Mouw is convinced that the “underlying issue at stake in the longstanding intra-Calvinist debates between ‘infralapsarians’ and ‘supralapsarians'” is that of “multiple divine purposes” of God with history (p. 51). Supralapsarianism makes the redemption of the elect church the one purpose of God with history inasmuch as it has the decree of creation and the fall after the decree of election. Thus, every creature and all of history are subordinated to God’s one purpose of redeeming and glorifying the church. Supralapsarianism has no place for another purpose of God alongside the redemption of the church. This rules out the theory of common grace.

But infralapsarianism, on Mouw’s reading, although recognizing that one of God’s purposes is the redemption of the church, allows for another purpose of God with history, distinct from redemption. Inasmuch as infralapsarian-ism puts the decree to create before the decree to elect, it suggests, if it does not require, an original purpose of God with creation that has nothing to do with redemption. This purpose, according to the defender of common grace, is the development of good culture. God carries out this purpose in history by the cultural works of the ungodly alongside His activity of redeeming the church. After the fall of Adam, He carries out this original purpose by means of common grace.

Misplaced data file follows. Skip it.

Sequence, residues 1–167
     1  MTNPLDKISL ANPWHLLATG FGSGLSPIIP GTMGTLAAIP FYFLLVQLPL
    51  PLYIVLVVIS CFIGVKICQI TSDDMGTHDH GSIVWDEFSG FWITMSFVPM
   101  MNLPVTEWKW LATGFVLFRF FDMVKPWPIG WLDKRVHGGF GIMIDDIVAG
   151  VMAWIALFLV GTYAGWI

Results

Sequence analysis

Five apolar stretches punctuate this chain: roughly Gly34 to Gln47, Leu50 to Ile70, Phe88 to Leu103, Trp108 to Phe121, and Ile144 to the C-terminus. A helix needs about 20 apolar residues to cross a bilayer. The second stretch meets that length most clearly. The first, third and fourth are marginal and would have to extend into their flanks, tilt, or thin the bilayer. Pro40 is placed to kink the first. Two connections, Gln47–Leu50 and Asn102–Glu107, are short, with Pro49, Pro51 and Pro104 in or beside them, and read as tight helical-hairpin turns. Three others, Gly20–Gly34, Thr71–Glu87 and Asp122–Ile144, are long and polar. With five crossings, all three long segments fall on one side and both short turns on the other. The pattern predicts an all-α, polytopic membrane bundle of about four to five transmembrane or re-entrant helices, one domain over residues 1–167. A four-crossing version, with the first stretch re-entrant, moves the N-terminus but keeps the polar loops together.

Mouw contends that by virtue of His infralapsarian decrees God “is committed both to the election of individuals to eternal life and to a distinguishable program of providential dealings with the broader creation” (p. 68). This explains why “an infralapsarian [can] view God as taking delight in a display of athletic prowess because of ultimate purposes that stand along side of, rather than being subservient to, the goal of bringing about election and reprobation” (p. 62). Infralapsarianism means that God rejoices in the putting prowess of a Tiger Woods, if not as much as He rejoices in the redemption of the church, then certainly independently of the redemption of the church.

Mouw’s discovery in the infralapsarian arrangement of the decrees of the basis for common grace’s teaching that God has two distinct purposes with history is a masterstroke on the part of the Fuller theologian. If Dr. Mouw’s explanation of infralapsarianism is valid, it gives strong support to the theory of common grace.